There’s a problem with the NBA season that everyone knows about: it’s too long. Eight two games in fewer than seven months—then the playoffs begin! By mid-season, games become a grind for players and for fans. Injuries accumulate. Bodies and minds wear down. It’s no wonder that many (most?) players selected for it would rather skip the All Star game and rest their bones and brains. Yes, some teams, like Portland, are jockeying for playoff position, but others are stuck near the bottom with little prospect of digging out even if they improve. Or a few, like the L*kers, are a lock at the top. A lot of hope and excitement has died by midseason. It’s no wonder that as the season grinds on more and more people start talking about trades and fewer and fewer about actual games. Fans also burn out.
One solution is to reduce total games played. A sixty game season would mean more time between each game, perhaps eliminating back-to-backs; it would make each game more important; it would produce better ball & fewer injuries; it would shorten the mid-season slump. And it’s a pipe dream. It’s a pipe dream because eliminating games eliminates money and playing 60 games would cut revenue by at least 25%.
But maybe there’s another solution: cut the season into two. In essence, this would turn an 82-game season into two 41-game seasons. Playoffs would commence at the end of 82 games, like now, but how teams would be seeded would change. Except for tie-breaking, total (82-game) won-loss records would play no part. Instead, the place that each team finished in the conference in each season would be averaged to determine its place in the playoffs. So a team that finished 5th in the conference in the fall season, but finished first in the spring season, would be seeded 3rd. Additionally, I like the rule that every team that finished first or second in each of the seasons would be guaranteed a playoff spot. This would reward those teams that showed dramatic improvement from one season to the next, but admittedly would also ensure a spot for teams that shone in the spring season then flopped in the second.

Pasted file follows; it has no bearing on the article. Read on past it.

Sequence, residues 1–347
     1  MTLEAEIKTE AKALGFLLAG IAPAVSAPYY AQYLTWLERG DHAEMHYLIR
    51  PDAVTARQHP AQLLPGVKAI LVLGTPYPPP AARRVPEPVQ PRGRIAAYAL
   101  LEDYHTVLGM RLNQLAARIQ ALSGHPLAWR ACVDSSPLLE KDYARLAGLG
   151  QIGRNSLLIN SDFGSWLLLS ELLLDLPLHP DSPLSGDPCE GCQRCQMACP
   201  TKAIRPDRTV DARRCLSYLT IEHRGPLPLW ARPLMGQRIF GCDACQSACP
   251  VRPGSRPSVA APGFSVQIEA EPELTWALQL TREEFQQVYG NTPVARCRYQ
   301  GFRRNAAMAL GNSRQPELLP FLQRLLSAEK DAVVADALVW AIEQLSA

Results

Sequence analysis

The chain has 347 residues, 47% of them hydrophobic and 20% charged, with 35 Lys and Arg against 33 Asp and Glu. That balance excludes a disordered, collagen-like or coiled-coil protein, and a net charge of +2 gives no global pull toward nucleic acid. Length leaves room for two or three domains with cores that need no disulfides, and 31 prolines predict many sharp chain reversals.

Creating two separate seasons might make the second 41 games of the season more meaningful and competitive for more teams. It might provide more hope to bad or unlucky first season teams and discourage good teams that built a large lead at the season break from coasting in the second half.
Whether such a system would significantly reorder playoff standings compared to the present system is beyond the time and talent I have to figure out. The idea is simple but the ramifications are complex. What do you think?